– And don’t forget you’re doing all of this while being physically tortured by sleep deprivation. Fuelled by (cold) caffeine and as much cake as you can lay your hands on, you have to perform like a super hero when you’re so tired you could sleep standing up.

So the next time you try to put yourself down by worrying about having baby brain, think about the amazing feats you perform every single day in caring for, nuturing, feeding and entertaining your baby. All this with no experience, training, guidance or sleep. If you do have a “baby brain” moment, it’s not that you’re losing your mind. That piece of information has just been justifiably displaced.

What do you think of this theory? Leave a comment below or say hello on Facebook or Twitter.

Like this blog post? Read these:
Post baby: why I changed
Things parents do they’re not proud of

3

It’s not all about you baby – but shouldn’t it be?

I’m sad to say that I’ve heard a lot of parents shouting at their children this week. I don’t mean shouting for their temperattention or the panic shout of NOOOO when a toddler tries to poke their finger into an electric socket. I mean really shouting. And there’s been one phrase I’ve heard more than most – “It’s not all about you”.

I’m not sure why this phrase has been particular prevalent. Maybe the amount of tempers I’ve heard flaring is more to do with the quantity of parents and children crammed into soft play centres and parks with it being the Easter holidays. But I do find it uncomfortable when I hear some parents telling off their children. I’m not perfect and at times I do lose my cool with my toddler’s fiercely independent and tempestuous nature – such as when she refused to hold my hand on the zebra crossing last week so decided to have a tantrum and lie down in the middle of the road with an audience of oncoming cars.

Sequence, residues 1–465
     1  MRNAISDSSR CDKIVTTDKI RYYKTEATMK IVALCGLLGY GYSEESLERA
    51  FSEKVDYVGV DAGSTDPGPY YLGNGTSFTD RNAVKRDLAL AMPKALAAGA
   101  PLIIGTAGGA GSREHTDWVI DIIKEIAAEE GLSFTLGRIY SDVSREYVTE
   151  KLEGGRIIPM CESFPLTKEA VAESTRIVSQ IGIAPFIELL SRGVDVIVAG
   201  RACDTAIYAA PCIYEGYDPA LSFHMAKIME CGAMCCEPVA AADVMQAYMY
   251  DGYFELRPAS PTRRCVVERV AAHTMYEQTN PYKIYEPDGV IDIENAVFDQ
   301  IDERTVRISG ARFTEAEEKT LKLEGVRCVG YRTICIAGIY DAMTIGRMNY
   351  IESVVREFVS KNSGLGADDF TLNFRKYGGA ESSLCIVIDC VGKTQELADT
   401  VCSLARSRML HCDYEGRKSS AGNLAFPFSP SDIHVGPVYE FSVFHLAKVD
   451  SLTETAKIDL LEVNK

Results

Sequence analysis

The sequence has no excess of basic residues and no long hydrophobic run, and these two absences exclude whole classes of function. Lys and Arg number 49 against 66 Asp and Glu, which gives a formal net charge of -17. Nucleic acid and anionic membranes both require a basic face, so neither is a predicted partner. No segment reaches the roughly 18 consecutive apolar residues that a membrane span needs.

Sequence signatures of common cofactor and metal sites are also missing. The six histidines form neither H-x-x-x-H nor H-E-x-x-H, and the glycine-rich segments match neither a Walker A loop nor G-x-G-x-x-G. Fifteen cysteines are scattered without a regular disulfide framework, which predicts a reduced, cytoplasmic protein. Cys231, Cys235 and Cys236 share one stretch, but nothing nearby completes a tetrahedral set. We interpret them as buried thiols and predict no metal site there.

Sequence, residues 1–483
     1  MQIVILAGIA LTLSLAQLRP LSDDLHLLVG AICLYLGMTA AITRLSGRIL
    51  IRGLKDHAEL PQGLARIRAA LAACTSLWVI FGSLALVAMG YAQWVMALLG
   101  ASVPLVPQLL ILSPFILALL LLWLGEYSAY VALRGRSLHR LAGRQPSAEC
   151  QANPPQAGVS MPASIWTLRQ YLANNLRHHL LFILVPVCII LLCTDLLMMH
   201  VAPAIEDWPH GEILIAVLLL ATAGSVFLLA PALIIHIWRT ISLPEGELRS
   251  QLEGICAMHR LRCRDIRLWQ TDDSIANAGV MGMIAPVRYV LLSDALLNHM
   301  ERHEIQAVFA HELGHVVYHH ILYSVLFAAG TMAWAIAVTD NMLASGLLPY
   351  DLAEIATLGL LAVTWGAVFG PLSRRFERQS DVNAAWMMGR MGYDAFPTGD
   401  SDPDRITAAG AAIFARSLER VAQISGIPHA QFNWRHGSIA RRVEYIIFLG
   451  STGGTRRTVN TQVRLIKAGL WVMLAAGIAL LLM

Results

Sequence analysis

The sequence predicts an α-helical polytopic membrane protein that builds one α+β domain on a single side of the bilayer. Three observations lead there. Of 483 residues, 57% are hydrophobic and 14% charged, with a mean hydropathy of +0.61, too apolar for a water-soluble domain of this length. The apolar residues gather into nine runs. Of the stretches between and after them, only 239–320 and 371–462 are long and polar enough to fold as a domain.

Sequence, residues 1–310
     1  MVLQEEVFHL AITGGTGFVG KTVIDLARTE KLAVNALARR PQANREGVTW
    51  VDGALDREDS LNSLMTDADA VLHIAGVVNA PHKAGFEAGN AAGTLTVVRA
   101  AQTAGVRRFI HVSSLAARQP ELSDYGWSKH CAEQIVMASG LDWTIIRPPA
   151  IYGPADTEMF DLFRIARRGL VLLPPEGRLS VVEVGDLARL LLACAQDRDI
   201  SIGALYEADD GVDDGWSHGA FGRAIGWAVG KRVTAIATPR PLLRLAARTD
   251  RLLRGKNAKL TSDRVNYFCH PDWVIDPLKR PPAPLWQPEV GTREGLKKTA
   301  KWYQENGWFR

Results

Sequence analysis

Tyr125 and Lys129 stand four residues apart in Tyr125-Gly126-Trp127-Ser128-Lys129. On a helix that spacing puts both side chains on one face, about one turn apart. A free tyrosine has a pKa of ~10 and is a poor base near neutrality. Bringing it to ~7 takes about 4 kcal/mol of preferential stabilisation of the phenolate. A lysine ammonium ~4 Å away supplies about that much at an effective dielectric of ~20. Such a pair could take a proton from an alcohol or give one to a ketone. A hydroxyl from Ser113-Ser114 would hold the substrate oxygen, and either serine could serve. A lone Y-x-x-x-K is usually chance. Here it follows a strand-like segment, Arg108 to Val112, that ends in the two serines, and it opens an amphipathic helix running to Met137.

I try not to judge any parent and I understand how frustrating parenthood can be but there are some incidents that I think are totally unnecessary and I do pity the child. Such as when I saw a parent grab their little girl and drag her whole body by the arm across the pavement and into a Greggs shop because she was dawdling instead of walking and had fallen down. Or on a packed train when a mum screamed at her boys: “shut the hell up and sit your bum down”. I could see other passengers visibly wince and bite their lip from intervening. I don’t know what the boys were doing but the screaming was constant and the fact that it was loud from the other end of the carriage says it all.

Maybe these parents had their reasons. Maybe they were having a really bad day. But how are we supposed to expect these children to respond after being treated like this no matter what they’ve done to “deserve” it? I appreciate it’s difficult to think rationally when your temper is frayed and you’re being led by emotion but does anyone really think these children will respond well? That they’ll suddenly stop playing up and act angelically because they’ve been screamed at or dragged down the street? Can you imagine how you would act if someone treated you like this and we’re adults who are capable of processing and understanding the situation?

When did we start treating other humans – and most importantly, our own babies – without the respect that they deserve? Maybe this is naive of me but I can only hope that when these parents calmed down, they apologised to their children for their violent reactions.